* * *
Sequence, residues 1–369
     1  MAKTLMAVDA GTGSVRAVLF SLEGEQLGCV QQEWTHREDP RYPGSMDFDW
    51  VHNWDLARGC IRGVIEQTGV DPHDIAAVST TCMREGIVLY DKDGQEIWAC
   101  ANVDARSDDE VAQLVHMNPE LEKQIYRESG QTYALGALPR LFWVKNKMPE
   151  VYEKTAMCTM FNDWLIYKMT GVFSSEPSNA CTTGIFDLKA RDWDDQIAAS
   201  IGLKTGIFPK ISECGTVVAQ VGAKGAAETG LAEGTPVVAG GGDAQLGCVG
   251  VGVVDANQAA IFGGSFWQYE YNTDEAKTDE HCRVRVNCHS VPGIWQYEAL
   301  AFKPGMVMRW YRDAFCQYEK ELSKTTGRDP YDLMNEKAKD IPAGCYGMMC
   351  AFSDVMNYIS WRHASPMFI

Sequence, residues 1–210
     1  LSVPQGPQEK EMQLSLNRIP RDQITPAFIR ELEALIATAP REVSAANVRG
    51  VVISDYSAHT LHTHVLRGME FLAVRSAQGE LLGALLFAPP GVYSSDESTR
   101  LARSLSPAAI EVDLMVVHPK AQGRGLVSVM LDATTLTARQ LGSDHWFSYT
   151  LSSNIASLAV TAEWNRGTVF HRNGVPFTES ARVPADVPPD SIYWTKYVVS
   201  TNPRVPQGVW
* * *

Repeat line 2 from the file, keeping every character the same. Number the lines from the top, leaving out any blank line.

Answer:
     1  MAKTLMAVDA GTGSVRAVLF SLEGEQLGCV QQEWTHREDP RYPGSMDFDW